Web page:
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Friday, January 21, 2005
As the cogs and wheels of Internet time have turned, the overall tenor of the World Wide Web has become a tad too commercial, especially from the viewpoint of wired warriors that remember the "good ole' days of 1996".
However, there are still the odd corners of the 'Net that remained unscathed by commercialistic sinkholes and sometimes they are provided by the least likely sources, such as everyone's favourite target of derision, Microsoft and my favourite purveyor of wicked "ÜberTechnology", Google.com.
In a recent press release, Microsoft declared that the Internet would be spam and spyware free in less than two years. While slightly pretentious in the face of the current spam cyclone that assaults our inboxes every day, Microsoft has taken a first step towards a spam free future by purchasing software developer, "Giant" and repackaging their somewhat obscure, but critically acclaimed anti-spyware package. Currently available as a free beta download from: http://www.microsoft.com/athome/security/spyware/software/
, Microsoft's "AntiSpyware" is well worth watching, let's hope that it remains a free add-on for Windows!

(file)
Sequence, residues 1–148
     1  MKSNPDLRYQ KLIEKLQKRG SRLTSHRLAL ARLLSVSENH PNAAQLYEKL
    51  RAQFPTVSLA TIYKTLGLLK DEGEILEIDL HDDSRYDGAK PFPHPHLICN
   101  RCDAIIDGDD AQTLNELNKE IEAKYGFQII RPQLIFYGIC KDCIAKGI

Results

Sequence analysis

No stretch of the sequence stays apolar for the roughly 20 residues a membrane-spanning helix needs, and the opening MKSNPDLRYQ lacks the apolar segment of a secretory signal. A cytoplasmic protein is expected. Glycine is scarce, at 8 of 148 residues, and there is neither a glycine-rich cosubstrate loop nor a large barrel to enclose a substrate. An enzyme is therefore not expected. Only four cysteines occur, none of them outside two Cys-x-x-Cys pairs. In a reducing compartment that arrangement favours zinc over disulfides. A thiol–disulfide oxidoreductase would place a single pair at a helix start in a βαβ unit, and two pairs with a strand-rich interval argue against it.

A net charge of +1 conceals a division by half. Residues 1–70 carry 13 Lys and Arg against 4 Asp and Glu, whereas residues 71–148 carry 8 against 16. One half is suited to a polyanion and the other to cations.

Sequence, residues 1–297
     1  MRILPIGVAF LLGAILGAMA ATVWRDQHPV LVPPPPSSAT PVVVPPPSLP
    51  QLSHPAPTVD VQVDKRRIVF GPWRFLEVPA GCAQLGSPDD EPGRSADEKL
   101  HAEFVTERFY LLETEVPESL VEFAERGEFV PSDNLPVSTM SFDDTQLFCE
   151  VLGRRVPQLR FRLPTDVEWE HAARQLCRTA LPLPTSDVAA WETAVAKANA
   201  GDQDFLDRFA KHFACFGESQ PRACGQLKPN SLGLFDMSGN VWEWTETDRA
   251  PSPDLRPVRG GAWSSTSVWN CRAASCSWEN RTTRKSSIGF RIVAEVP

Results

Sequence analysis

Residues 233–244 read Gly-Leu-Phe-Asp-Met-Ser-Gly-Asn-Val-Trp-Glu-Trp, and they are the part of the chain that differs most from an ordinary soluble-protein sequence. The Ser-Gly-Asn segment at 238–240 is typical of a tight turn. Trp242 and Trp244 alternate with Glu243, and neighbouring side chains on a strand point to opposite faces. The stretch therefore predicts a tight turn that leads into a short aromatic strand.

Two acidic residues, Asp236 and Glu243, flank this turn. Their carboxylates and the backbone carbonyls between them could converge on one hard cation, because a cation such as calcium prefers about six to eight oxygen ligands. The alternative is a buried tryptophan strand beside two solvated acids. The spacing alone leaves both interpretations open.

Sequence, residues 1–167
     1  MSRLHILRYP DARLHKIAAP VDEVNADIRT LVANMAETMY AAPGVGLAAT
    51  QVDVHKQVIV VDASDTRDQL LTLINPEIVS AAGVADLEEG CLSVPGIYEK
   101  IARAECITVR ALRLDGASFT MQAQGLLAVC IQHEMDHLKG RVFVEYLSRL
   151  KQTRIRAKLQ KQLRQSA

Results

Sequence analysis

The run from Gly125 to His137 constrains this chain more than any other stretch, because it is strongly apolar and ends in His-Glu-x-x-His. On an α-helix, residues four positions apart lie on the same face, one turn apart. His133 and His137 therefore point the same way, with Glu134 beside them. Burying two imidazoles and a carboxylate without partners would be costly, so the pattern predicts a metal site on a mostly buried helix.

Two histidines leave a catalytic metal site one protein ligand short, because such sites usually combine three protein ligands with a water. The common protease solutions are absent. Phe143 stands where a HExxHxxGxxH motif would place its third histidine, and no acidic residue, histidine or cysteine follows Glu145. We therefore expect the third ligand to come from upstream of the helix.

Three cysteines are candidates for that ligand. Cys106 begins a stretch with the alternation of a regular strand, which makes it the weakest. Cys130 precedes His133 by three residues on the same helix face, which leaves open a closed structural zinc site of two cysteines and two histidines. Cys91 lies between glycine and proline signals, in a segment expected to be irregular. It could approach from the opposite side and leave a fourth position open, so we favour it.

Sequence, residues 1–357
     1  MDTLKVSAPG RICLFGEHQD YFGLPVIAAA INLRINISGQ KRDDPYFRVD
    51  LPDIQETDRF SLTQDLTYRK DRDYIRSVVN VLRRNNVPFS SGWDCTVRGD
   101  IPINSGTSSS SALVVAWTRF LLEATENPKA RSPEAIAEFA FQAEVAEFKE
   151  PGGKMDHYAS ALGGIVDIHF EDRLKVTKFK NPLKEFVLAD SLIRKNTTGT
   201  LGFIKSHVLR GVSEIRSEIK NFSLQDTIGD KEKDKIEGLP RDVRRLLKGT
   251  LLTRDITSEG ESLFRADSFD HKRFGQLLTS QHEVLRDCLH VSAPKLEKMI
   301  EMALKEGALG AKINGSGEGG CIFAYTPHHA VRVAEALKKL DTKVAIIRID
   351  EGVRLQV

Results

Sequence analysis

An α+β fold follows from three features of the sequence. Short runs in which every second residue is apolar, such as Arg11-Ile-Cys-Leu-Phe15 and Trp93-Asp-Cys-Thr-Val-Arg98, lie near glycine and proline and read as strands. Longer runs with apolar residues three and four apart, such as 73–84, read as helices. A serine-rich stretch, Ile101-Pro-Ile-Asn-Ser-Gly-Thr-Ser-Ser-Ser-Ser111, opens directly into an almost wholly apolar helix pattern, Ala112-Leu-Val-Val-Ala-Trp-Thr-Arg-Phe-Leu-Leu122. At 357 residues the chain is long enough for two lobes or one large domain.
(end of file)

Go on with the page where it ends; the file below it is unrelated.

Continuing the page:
Another type of popular freebie are add-ons for Microsoft's Internet Explorer, most of which are actually nasty spyware components in disguise, however, there are two toolbar add-ons for IE which are perfectly safe and quite useful. One comes directly from Microsoft, called the "MSN Toolbar" ( http://toolbar.msn.com/ ) and one from Google, called, oddly enough, the "Google Toolbar" ( http://toolbar.google.com/ ). Both of these toolbars offer easy access to web searches,
plus the ability to block annoying pop-up advertisements on websites.
Going a step further, UK software firm, "Netcraft", has released a special toolbar for IE ( http://toolbar.netcraft.com/ ) that helps people avoid being hooked by "Phishing" scams by blocking the websites of known "Phishermen".
Following Microsoft's practice of purchasing useful software developers and then releasing their programs for free, Google recently purchased a nifty little tool for viewing, organizing and manipulating picture files called "Picasa", which they have just updated and released as Picasa 2: http://www.picasa.com/ .
Not to be outdone, Microsoft also has a free picture utility called "Photostory": http://www.microsoft.com/windowsxp/using/digitalphotography/photostory and a huge, searchable, selection of free clip art for users of their popular Office software, available from: http://office.microsoft.com/clipart/ .
There are actually tons and tons of useful freeware programs available online, so it's often worth poking around the download sections of large websites. Microsoft's http://www.microsoft.com/downloads and Google's http://www.google.com/downloads/ are just the start, exploring the freeware collections of sites like http://www.tucows.com can be the start of some excellent adventures! Just be sure to carefully read the description of any software you are considering downloading.
posted by Kusari 11:48 PM